The Fourth Sunday after Epiphany
January 29, 2017
“Staying with Jesus”
St. Matthew 8:23-27
Now when He got into a boat, His disciples followed Him. And suddenly a great tempest arose on the sea, so that the boat was covered with the waves. But He was asleep. Then His disciples came to Him and awoke Him, saying, "Lord, save us! We are perishing!" But He said to them, "Why are you fearful, O you of little faith?" Then He arose and rebuked the winds and the sea, and there was a great calm. So the men marveled, saying, "Who can this be, that even the winds and the sea obey Him?" St. Matthew 8:23‑27
When you are with Jesus you are safe and secure, no matter how bad things may appear to be.
Jesus is sleeping in the back of the boat. That’s what you see. You see the man Jesus, tired from work, taking a badly needed rest. What you do not see is that this Jesus who is sleeping in the back of the boat is the LORD God of Israel of whom the Psalmist wrote:
You see waves pouring over the side of the boat. The lake so peaceful and calm a couple of hours earlier was whipped into such rough condition that no boat was safe in its waters. The Sea of Galilee is about thirteen miles long and eight miles wide. That’s plenty big enough to produce waves that will swamp a small boat. What you see is waves that are higher than the sides of the boat and are crashing down into the boat so that the boat is being filled with water.
We live our lives in these bodies God has given to us. He gives us our senses. He preserves them. We learn to depend on what we see, touch, taste, smell, and hear. When we see waves flooding into the boat, feel the cold water rising up from our ankles to our calves, taste it on our lips, smell the sea smell, and hear the wind roaring in our ears we know, on the basis of the senses God gave us, that we are going to drown.
If you cannot rely on your senses and on the basis of what you see, touch, taste, smell, and hear come to reasonable conclusions about your condition and safety, you cannot take care of yourself. When it comes to our bodily needs we need to understand cause and effect. God gave us our senses and he gave us the ability to reason. We are not animals. We don’t do what we do by irrational instinct. We control our bodies, our emotions, our actions, and the words we speak. We exercise self-discipline. Among the fruit of the spirit listed by St. Paul in Galatians 5, the last one listed in self-control. God has blessed us with sensory and intellectual faculties that enable us to exercise self-control.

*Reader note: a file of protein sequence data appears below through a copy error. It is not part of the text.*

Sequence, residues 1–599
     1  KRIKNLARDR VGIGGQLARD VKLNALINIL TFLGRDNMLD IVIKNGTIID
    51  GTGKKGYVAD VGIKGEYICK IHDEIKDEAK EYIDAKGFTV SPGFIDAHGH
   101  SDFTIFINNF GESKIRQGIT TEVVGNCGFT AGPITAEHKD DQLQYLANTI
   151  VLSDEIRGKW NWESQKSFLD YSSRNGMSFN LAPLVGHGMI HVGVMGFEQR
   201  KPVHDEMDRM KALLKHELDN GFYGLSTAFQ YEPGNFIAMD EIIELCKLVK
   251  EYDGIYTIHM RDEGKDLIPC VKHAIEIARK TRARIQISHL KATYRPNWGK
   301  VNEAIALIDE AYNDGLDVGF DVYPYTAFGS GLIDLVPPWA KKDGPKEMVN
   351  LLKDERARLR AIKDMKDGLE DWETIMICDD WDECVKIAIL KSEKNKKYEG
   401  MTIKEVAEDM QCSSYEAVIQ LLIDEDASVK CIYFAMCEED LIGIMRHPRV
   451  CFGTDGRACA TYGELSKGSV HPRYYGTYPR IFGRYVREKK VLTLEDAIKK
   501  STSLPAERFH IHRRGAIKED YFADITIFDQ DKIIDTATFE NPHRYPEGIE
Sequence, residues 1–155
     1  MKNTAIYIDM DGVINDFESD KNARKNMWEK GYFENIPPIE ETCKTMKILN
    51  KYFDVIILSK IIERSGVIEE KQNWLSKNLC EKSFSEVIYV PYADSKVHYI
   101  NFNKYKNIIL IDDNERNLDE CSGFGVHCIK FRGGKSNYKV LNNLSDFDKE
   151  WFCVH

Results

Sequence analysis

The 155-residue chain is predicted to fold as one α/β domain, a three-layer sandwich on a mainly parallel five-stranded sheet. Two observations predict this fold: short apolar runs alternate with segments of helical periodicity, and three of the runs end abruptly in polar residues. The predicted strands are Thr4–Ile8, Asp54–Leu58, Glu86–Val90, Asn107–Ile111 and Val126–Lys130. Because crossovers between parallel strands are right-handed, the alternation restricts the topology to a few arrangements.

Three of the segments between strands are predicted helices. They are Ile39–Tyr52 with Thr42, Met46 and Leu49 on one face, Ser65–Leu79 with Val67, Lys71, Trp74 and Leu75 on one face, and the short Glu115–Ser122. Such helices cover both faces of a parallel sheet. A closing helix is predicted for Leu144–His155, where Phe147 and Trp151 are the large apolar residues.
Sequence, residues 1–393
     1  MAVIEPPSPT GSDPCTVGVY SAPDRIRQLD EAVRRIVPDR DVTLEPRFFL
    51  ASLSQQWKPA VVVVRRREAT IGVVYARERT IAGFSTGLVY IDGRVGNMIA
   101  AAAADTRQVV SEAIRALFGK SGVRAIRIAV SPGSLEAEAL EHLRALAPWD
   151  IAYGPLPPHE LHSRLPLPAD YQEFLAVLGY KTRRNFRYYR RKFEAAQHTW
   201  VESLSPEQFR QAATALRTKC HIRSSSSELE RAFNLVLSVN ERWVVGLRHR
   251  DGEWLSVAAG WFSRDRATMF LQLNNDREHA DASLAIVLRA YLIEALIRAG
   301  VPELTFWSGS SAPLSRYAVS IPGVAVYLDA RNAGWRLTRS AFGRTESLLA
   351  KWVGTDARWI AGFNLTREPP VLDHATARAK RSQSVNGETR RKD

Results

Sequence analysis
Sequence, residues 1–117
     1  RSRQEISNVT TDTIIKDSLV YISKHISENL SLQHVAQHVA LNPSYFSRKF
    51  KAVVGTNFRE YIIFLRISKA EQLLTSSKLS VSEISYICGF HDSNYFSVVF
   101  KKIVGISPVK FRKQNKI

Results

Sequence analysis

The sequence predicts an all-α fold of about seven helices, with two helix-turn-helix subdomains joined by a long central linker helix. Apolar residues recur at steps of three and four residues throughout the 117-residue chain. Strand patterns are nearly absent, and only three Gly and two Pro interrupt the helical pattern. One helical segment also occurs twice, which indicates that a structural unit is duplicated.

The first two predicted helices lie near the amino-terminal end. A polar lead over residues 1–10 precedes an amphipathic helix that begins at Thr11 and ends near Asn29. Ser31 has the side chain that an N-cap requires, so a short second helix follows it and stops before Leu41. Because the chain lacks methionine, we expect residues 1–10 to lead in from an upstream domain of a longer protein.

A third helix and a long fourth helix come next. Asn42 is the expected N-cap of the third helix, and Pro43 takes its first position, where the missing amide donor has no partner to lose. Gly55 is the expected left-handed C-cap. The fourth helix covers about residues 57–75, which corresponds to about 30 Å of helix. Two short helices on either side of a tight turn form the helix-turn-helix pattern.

To have the wherewithal to control yourself does enable you to control someone else. It doesn’t give you the ability to control the weather, the market, or even your own health. With all our intellectual and physical abilities, we are not in control of our lives. It is to our advantage that we not be in charge of our own lives. Listen to the words of St. Paul, the apostle:
Who are those for whom everything works together for good? Who are those whom God foreknew, predestined, called, justified, and glorified? They are those in the storm-tossed boat about to be swamped in the middle of the sea with Jesus sleeping in the back of the boat.
Everything depends on Jesus. Everything depends on being in the boat with Jesus. They are in the boat. Jesus is in the boat. That’s why we go to church, read our Bible, attend Bible class, join with other Christians to hear the gospel proclaimed, to eat and drink Christ’s body and blood, to sing praises to God in the hymns of the church. Where the means of grace – the pure gospel and sacraments – are, there is Christ. Where Christ is, there we are safe. There we cannot suffer harm. There is peace, security, and everlasting life.
Christians are easily conned. It’s not that we have no faith. We believe. It’s that we have little faith. Christ’s disciples weren’t faithless. They ran to Jesus when they saw that they were about to drown. They cried out to Jesus for help. They asked Jesus to save them. That’s faith. It’s not unbelief.
But they had such little faith. They were afraid. They should not have been afraid. They should have been confident in their safety. After all, Jesus was there. What harm could come to them if Jesus is there? What harm can come to us?